According to recent study by The University of Chicago's Booth School of Business and published in American Economic Review, human brains have a bias to pay attention to the first digit in a number, like the mileage of a car, and if you understand it, you can use it to your advantage when buying or selling a vehicle.
The study set out to determine whether car buyers exhibit a heuristic observed in other arenas called the left-digit bias. This would mean that car buyers focus on the first digit in an odometer reading, such as the "4" in 49,100 miles, when deciding how much to pay for a car. Having studied +20 million car sales, it turns out car buyers are focusing on that first digit, and will pay an additional $150-200, on average, for a car that's just below the next mileage interval, such as 50,000, than one that's just above it.
The authors found prices fall at each 10,000-mile interval from 10,000 to 100,000 miles. "Cars with odometer values between 79,900 and 79,999 miles are sold on average for approximately $210 more than cars with odometer values between 80,000 and 80,100 miles, but for only $10 less than cars with odometer readings between 79,800 and 79,899." The study found prices also drop at 1,000-mile thresholds, though the decline is smaller.
The rest of the world might be wondering if the same held true for odometers that measure kilometers instead of miles, like we Americans use. Using a smaller sample, the Booth team analyzed Canadian data and found the same phenomenon. Regardless of the unit of measure, human brains lead us to pay more for a car with a lower left digit, though it's not a truly rational choice.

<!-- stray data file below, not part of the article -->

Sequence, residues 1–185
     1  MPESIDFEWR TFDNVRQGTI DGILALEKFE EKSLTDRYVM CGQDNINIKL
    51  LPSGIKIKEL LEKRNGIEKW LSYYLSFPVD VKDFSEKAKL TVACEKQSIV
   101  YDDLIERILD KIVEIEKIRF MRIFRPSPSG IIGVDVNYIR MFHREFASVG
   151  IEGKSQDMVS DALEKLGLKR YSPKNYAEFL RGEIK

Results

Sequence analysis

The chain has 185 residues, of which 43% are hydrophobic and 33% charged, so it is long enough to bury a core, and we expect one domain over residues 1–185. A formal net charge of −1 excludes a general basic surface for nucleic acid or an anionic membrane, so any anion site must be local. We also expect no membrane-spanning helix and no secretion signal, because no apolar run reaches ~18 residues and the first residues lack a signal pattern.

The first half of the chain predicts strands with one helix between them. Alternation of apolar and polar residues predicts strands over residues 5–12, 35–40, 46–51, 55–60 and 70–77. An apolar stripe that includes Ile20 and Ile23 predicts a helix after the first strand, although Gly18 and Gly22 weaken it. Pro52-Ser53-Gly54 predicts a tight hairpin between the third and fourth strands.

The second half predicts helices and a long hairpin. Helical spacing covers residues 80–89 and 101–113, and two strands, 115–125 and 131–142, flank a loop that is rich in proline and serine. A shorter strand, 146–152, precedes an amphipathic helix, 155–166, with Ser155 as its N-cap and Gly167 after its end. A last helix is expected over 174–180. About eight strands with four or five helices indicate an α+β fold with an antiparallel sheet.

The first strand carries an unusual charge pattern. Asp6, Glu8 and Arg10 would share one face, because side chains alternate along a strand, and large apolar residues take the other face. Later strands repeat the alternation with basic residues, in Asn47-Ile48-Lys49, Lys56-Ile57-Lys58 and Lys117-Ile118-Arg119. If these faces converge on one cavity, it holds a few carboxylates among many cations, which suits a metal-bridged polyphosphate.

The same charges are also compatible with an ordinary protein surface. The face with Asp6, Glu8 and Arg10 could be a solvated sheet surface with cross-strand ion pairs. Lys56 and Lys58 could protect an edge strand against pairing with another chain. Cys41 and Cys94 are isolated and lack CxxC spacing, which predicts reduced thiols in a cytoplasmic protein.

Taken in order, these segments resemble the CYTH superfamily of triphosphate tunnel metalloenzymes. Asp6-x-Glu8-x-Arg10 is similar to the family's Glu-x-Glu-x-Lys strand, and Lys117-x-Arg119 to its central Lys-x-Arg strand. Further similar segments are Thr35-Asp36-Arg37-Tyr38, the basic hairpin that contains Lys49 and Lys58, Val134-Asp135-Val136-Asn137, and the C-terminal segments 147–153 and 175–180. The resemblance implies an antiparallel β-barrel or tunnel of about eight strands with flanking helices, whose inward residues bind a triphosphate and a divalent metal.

So, how can you use this information to your advantage when selling or purchasing a vehicle?
- Sell your vehicle before the odometer clears the next 10,000-mile/kilometer mark. Since people only remember the first digit of the odometer reading, once your car crosses that mark, odds are your sales price will drop
- When buying, look for a car that has just clicked over a 10,000-mile/kilometer mark. It is likely the discount is already priced in
- Negotiate hard if you're considering buying vehicles nearing the next 10,000-mile/kilometer mark. After driving a few more miles and clicking over that mark, the vehicle will drop in value. Think of that new value, reducing the asking price by $150 to $200, and work to get the deal you really want
This won’t be easy because we are all susceptible to left-digit bias. Just think how many times you bought something that was $1.99 and you liked that better than a similar product at $2.10. Remember this bias the next time you're shopping for a used car, and don't let your brain steal $200 from you!